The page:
minority populations throughout its 35-year history. These strategies
include: actively recruiting staff and clinical leadership to reflect
the ethnic and racial diversity of its population served; hiring
parent advocates to breakdown cultural and racial barriers to
treatment; and engaging in partnerships with other agencies to reach
ethnic populations culturally resistant to mental health services.
Today, three-quarters of individuals reached by C4 behavioral health
services are African-American, Hispanic, Asian or of mixed race.
-- Student National Medical Association at the University of Tennessee
Health Science Center in Memphis, TN is being honored for its
dedication to the recruitment and retention of minority medical
students; the development of culturally competent and clinically
excellent physicians; and the delivery of healthcare in the
-- Venice Family Clinic's (VFC) Mental Health Program in Venice, CA is
being honored for providing mental health services to nearly 2,500
people who are low-income, uninsured, or homeless who are without
other access to care. The clinic provides a range of services from
individual therapy to support groups. In the past five years, the
Clinic has strengthened its expertise and specialty care capacity with
volunteers and community organizations and has launched a psychiatry
residency training program with UCLA.
"We are proud to support the Awards for Advancing Minority Mental Health as part of our commitment to help eliminate health disparities among underserved populations," said Hiromi Yoshikawa, chairman and chief executive officer of Otsuka America Pharmaceutical, Inc. "Otsuka congratulates the award recipients and applauds their efforts toward advancing minority mental health."
"I congratulate all of the recipients of the Awards for Advancing Minority Mental Health, said Richard K. Harding, M.D., American Psychiatric Foundation President. "It is through this award that APF recognizes the commendable efforts of individuals and organizations that are making mental health services available to underserved populations."
About the Awards for Advancing Minority Mental Health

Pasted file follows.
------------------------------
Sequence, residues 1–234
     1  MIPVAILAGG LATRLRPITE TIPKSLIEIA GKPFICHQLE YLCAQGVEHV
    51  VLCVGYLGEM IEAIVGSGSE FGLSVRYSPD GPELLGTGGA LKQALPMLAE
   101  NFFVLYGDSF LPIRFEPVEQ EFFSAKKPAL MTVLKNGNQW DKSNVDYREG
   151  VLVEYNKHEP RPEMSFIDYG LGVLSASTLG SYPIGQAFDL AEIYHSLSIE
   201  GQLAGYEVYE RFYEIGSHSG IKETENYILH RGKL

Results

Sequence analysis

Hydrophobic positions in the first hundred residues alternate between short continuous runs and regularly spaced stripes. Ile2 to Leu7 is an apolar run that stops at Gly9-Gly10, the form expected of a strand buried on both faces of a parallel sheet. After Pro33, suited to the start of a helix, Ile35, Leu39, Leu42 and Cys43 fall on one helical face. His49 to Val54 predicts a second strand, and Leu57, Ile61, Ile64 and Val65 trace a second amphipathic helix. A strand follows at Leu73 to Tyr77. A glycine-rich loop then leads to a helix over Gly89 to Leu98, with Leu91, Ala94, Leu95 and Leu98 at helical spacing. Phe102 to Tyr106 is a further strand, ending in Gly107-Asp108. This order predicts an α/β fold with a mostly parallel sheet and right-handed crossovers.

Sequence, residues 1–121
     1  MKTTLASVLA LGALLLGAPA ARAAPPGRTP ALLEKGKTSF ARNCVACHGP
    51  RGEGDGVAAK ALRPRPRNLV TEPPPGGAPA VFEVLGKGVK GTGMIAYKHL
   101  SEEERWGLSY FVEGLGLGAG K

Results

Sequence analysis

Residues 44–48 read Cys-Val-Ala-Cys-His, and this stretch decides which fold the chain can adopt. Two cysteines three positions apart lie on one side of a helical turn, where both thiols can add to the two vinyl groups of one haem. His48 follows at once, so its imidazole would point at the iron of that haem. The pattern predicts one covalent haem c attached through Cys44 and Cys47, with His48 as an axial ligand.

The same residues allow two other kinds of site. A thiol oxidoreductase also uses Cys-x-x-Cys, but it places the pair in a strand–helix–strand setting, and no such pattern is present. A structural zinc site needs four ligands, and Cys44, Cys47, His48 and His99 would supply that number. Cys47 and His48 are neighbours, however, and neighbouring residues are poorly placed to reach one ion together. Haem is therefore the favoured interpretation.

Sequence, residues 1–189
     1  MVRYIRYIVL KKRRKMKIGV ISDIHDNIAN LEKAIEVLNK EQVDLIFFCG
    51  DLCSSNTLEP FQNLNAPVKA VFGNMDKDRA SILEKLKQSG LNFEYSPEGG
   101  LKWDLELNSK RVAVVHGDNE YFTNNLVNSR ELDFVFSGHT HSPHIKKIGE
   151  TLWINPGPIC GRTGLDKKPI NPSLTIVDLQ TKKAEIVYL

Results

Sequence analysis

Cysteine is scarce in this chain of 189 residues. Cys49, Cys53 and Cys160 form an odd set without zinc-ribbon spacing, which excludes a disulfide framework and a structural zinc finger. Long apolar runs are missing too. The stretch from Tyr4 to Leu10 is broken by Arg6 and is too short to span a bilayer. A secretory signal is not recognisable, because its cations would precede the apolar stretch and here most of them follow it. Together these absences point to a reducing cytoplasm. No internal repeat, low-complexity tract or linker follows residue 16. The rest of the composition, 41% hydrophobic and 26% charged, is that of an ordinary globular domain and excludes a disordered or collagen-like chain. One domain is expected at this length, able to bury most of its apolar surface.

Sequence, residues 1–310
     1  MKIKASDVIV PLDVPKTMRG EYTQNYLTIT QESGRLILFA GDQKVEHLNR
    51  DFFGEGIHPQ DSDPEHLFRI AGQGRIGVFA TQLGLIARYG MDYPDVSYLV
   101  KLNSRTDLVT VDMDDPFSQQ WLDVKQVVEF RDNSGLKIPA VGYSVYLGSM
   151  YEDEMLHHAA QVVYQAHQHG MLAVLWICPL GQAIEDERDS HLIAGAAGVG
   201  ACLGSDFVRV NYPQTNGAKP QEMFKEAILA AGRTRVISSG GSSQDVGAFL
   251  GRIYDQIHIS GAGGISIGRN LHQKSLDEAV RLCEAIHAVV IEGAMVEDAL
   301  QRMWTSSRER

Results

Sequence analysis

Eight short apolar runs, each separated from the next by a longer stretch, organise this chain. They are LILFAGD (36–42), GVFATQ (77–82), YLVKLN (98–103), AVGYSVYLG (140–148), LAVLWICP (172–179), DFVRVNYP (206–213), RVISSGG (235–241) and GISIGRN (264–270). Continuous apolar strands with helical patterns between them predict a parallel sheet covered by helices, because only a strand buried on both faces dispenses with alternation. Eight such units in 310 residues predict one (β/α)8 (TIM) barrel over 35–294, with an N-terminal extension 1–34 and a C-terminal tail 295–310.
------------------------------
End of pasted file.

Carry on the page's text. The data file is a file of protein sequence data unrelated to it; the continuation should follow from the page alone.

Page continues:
The American Psychiatric Foundation Awards for Advancing Minority Mental Health honor psychiatrists and mental health programs that are undertaking special efforts to increase public awareness of mental health care, increasing access to mental health services, and enhancing the quality of care for underserved minorities, especially those who suffer from severe mental illness.
About the American Psychiatric Foundation
The American Psychiatric Foundation is the philanthropic and educational arm of the American Psychiatric Association. The mission of the foundation is to advance understanding that mental illnesses are real and can be effectively treated. For more information, please visit the foundation's Web site at http://www.psychfoundation.org.
About Otsuka America Pharmaceutical, Inc.
Otsuka America Pharmaceutical, Inc. (OAPI) is a successful, innovative, fast-growing healthcare company that commercializes Otsuka-discovered and other product opportunities in North America, with a strong focus on and commitment to neuroscience, cardiovascular, oncologic, and gastrointestinal therapeutic treatments. OAPI is dedicated to improving patients' health and the quality of human life. The company is part of the Otsuka Pharmaceutical Group, which is comprised of 99 companies and approximately 31,000 people in 18 countries and regions around the world. Otsuka and its consolidated subsidiaries earned US$7.2 billion in annual revenues in fiscal 2006. OAPI is wholly owned by Otsuka America, Inc. (OAI), which is the holding company for Otsuka Pharmaceutical Co., Ltd.'s (OPC) interests in the US. OAI is wholly owned by OPC. For additional information, please visit http://www.otsuka-us.com.